ASF Virus Genomics and Diagnostics
2nd October 2013
Richard Bishop and Cynthia Onzere

African Swine Fever Epidemiology Pr...
Virus Prevalence and Diversity:
Selected Questions
• How diverse are ASFV isolates associated with
Kenyan disease outbreak...
Significance
• Rapid diagnosis of ASFV is critical for
implementation of control measures by veterinary
authorities
• Viru...
Summary of portfolio of Activities
• Whole genome sequencing using Illumina
platform
• Genotyping using PCR-sequencing fro...
Genome Sequencing

Un-rooted tree derived from whole
genomes showing genetic

Analysis of complete
genome sequences has
sh...
Summary Genome sequencing
• The complete genomes of genotype IX (from a
clinically reacting pig) and genotype X (from a ti...
Rapid field diagnosis of ASFV
Kenya and Uganda veterinarians
at Project workshop in Kisumu,
July 2011:
• Testing labs are ...
ASFV diagnostic assays
Unknown disease causing deaths in pigs
-various diseases may be implicated; is ASF the cause?

Iden...
DNA extraction in the field

 Magnetic beads (Roche Magna kit) and magnetic strips used for DNA extraction; the
Roche pro...
Comparison of nucleic acid-based
diagnostic platforms
Molecular platforms
ABI thermal cycler
(Applied biosystems)

Smart c...
Comparison of molecular diagnostic
assays
Test

Types

Conventional
PCR:

Reagents/test

-

Real-time PCR
(qPCR):

UPL PCR...
Serology
ELISA for Detection of anti-p72 antibodies
Blocking ELISA

 Ingenasa kit (Spain) used for detection
 Can curren...
Evaluation of field detection by qPCR
Here is
the Lab
Field laboratory test run from a basic set-up (i.e. table) or back o...
Real Time-PCR (qPCR) Diagnostics Data



UPL Real time PCR assay was the best assay due to:
Thermostability of reagents
...
Virus Isolation
Haemadsorption: Binding of red blood cells to virus infected macrophages

Kiambu isolate (2012)
Athi river...
Diagnosis: Conclusions
 PCR Diagnosis is recommended relative to serology for use in
confirming outbreaks in Kenya-Uganda...
Genotyping of outbreaks-Background
 Twenty-two ASFV genotypes (I-XII) have been identified on the basis of nucleotide seq...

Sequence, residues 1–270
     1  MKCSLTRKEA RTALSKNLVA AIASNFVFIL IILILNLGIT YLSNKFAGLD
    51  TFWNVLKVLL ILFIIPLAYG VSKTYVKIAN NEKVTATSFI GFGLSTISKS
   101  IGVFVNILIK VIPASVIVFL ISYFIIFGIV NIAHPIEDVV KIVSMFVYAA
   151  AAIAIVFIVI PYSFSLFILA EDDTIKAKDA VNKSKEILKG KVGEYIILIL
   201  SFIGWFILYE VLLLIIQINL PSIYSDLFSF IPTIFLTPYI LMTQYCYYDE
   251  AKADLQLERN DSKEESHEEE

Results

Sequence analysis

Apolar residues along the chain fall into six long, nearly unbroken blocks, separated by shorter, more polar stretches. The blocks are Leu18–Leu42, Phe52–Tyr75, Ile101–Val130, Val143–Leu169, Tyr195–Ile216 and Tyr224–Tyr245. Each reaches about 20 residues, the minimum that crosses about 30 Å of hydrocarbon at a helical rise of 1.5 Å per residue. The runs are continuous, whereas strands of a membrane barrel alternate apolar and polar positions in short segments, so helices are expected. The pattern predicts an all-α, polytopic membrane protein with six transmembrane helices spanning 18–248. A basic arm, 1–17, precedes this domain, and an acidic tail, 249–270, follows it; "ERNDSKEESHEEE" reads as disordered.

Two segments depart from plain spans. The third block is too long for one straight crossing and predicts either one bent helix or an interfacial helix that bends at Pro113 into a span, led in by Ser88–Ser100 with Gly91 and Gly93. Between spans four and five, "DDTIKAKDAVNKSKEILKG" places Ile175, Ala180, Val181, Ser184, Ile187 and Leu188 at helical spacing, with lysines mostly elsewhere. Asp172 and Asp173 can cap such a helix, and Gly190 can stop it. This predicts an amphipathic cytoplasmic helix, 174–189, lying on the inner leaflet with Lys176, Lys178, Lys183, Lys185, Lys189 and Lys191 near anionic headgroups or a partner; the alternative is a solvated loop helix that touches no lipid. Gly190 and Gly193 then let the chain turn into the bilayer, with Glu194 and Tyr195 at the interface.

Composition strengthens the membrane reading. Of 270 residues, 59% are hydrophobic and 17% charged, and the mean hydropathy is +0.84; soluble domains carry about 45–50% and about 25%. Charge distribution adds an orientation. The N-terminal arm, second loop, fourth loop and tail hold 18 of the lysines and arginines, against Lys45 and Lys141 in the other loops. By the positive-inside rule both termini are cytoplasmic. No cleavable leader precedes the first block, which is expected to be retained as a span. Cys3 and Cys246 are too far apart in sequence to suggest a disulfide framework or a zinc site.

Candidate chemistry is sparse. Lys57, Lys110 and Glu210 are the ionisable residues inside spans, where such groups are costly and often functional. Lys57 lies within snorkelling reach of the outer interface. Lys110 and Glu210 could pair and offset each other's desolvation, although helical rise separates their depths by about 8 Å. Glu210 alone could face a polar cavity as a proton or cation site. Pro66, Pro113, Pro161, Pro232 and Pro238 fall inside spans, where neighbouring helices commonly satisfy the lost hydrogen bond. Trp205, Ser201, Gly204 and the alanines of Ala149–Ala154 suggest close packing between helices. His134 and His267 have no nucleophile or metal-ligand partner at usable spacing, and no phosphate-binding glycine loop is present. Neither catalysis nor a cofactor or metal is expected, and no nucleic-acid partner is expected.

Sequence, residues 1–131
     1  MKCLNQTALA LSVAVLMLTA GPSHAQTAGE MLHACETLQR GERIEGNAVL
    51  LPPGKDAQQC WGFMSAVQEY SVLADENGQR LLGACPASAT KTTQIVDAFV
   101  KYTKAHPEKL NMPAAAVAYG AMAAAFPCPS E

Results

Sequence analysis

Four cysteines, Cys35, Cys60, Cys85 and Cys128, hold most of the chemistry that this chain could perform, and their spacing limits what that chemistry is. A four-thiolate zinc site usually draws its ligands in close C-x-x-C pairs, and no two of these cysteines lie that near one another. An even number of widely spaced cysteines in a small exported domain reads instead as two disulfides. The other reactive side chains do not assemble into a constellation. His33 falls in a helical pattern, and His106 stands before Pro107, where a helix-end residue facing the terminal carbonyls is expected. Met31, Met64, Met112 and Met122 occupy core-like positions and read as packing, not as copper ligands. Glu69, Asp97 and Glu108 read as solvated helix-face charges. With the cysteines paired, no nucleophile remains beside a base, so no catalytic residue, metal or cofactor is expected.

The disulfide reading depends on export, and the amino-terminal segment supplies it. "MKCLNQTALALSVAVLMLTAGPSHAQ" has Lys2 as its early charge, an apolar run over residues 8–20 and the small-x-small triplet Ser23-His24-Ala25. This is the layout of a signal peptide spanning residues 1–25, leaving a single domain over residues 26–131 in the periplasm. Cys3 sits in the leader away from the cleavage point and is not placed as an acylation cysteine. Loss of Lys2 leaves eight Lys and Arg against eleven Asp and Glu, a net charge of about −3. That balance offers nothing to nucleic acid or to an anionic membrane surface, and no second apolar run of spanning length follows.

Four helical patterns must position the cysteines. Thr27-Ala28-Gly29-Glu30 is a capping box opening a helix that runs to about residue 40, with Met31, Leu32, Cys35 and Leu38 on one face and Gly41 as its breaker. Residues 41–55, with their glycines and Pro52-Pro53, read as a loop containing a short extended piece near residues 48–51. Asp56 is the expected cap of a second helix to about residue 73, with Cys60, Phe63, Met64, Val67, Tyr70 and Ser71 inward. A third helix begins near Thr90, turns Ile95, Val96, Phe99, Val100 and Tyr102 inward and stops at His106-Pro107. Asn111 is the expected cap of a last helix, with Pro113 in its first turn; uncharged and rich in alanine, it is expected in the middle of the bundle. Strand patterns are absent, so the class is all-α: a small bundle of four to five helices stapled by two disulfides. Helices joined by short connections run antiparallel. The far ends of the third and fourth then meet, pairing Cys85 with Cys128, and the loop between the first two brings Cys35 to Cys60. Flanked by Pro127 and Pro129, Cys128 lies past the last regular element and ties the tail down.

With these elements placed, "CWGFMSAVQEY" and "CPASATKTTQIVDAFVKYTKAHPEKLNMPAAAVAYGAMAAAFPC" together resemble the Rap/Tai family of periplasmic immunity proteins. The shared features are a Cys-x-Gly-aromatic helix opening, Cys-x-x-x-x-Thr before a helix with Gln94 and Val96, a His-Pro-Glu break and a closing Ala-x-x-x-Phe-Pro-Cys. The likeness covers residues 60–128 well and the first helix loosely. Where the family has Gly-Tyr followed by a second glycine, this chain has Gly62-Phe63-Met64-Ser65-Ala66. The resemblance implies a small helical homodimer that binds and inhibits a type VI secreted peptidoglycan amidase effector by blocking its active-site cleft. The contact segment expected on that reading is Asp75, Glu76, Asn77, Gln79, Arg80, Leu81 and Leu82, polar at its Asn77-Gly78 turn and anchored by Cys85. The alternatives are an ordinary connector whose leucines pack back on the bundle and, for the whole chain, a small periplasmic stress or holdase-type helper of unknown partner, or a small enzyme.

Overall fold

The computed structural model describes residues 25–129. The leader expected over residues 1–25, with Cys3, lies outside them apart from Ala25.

ASFV marker loci used for genotyping
The study explores other genetic markers in addition to the B646L gene to identify ge...
Materials and Methods
Blood, tissues and serum
samples are obtained from
the ASF cross sectional
survey, longitudinal surv...
Kenya outbreaks: Project genomic studies
Genotype IX virus
similar to that
present in KenyaUganda border
identified at Ken...
Summary results genotyping
 Sequences are highly conserved within p72 and p54 from isolates from 2010 to
date in Kenya an...
Key Conclusions- Prevalence and
Genotyping
 Longitudinal survey in the Kenya-Uganda study area indicated that
6 animals w...
Implications for ASF control
Field detection of ASFV is possible but cheap user
friendly platform linked to rapid feedbac...
THANK YOU
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African Swine Fever (ASF) virus genomics and diagnostics

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Presented by Richard Bishop and Cynthia Onzere at the Closing workshop of the BecA‐ILRI‐CSIRO‐AusAID project on Understanding ASF epidemiology as a basis for control, Nairobi, Kenya, 2‐3 October 2013

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African Swine Fever (ASF) virus genomics and diagnostics

  1. 1. ASF Virus Genomics and Diagnostics 2nd October 2013 Richard Bishop and Cynthia Onzere African Swine Fever Epidemiology Project
  2. 2. Virus Prevalence and Diversity: Selected Questions • How diverse are ASFV isolates associated with Kenyan disease outbreaks? • What is most effective platform for monitoring prevalence? • How is the virus maintained in endemic areas? • Is there a role of the sylvatic cycle involving wild pigs and Argasid ticks in recent outbreaks?
  3. 3. Significance • Rapid diagnosis of ASFV is critical for implementation of control measures by veterinary authorities • Virus genotyping can contribute to identification of origins and monitoring spread of outbreaks • Information from whole genome sequencing will underpin rational strategies for vaccine development
  4. 4. Summary of portfolio of Activities • Whole genome sequencing using Illumina platform • Genotyping using PCR-sequencing from three polymorphic loci • Diagnosis using DNA extracted from field pig blood samples by conventional and real time PCR (in laboratory and field) • ELISA for detection of antibodies • Virus isolation from pig tissue samples associated with outbreaks